Students at Boston College and Western Oregon University are Reading The Translator by Zaghawa tribesman, Daoud Hari
In 2003, Daoud Hari, a Zaghawa tribesman in northern Darfur, fled his village, which was under attack by Sudanese militiamen. Here is Daoud’s harrowing and life-changing, eyewitness account of the brutal genocide in the Sudan.
Western Oregon University’s Anthropology Dept. will be using the book this summer as well as Boston College’s Sociology Dept which has adopted The Translator: A Memoir for its course named “African World Perspective” this Fall. Zine Magubane, Associate Professor of Sociology, says “I chose this book because The Translator offers American students a superb opportunity to hear about the realities of the Darfur situation through the voice of an African person. The book is both an excellent primer on the political situation in Darfur and a deeply moving personal story that gives students a sophisticated, yet accessible, view into the Darfur conflict.”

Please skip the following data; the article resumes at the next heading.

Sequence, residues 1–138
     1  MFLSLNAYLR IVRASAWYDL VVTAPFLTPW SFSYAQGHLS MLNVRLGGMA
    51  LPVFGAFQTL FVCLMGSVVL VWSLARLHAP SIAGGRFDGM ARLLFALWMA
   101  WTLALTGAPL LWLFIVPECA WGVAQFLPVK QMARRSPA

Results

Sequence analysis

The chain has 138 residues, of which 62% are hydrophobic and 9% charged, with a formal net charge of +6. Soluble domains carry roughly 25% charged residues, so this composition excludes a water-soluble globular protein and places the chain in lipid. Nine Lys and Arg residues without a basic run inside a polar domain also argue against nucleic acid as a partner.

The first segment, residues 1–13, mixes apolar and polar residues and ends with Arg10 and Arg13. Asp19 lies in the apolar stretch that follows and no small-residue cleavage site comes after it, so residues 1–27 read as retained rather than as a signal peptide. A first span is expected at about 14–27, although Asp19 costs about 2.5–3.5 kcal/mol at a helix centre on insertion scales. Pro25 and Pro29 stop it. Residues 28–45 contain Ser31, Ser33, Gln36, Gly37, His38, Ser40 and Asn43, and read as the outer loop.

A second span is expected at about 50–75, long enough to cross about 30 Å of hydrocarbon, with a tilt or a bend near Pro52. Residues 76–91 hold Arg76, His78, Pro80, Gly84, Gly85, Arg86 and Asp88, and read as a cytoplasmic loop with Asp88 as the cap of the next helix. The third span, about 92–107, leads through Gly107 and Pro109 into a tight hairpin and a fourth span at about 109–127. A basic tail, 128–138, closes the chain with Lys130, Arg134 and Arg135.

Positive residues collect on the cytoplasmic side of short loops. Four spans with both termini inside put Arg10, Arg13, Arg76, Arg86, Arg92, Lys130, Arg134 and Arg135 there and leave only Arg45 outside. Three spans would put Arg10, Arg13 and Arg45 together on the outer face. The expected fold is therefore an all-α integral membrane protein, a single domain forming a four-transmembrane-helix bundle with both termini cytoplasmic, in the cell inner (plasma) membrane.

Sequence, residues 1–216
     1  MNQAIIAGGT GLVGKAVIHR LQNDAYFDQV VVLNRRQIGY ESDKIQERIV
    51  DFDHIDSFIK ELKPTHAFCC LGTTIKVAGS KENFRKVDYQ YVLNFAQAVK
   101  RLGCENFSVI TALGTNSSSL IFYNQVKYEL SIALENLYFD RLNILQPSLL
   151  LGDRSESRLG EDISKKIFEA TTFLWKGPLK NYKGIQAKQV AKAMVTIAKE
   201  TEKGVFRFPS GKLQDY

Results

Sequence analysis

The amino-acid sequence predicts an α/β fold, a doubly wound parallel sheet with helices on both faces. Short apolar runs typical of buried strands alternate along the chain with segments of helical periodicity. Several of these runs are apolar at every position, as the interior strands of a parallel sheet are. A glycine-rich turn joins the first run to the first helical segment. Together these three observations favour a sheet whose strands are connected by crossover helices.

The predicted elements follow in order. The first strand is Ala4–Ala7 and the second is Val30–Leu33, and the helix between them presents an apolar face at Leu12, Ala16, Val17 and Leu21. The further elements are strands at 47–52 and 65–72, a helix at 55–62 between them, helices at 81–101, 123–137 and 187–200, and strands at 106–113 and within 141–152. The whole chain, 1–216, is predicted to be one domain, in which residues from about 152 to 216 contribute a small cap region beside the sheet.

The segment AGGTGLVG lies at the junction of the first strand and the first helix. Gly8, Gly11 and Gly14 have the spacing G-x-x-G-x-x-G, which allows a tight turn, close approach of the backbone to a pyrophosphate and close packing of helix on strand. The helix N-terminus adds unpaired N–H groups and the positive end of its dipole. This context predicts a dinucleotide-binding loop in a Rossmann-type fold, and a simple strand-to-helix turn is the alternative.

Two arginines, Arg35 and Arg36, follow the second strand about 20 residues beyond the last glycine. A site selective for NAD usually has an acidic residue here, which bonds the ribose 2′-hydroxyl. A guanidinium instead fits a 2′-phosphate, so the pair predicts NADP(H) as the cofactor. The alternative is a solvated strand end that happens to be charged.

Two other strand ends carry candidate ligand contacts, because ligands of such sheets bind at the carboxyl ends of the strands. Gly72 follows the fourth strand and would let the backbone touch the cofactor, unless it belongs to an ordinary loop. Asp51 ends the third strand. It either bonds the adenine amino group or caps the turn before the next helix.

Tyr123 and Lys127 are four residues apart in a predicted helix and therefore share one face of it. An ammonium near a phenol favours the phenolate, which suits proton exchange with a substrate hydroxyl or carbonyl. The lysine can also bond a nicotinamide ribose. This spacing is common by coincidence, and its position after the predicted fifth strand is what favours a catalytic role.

We are pleased to say The Translator is also a common reads book selection at Colorado Mountain College and Mars Hill College.
Official Website: www.SaveDarfur.org
For more information on the book and the author, click here.
To read a book excerpt, click here.
To order an examination copy, click here.
Entry filed under: African and African American, cultural studies, History, Military History, Political Science, Religion, Sociology, Uncategorized. Tags: Darfur, genocide, global consciousness, humanitarian efforts, international aid groups, journalist, Lost Boys, north Africa, Refugees, Sudan, Zaghawa tribesman.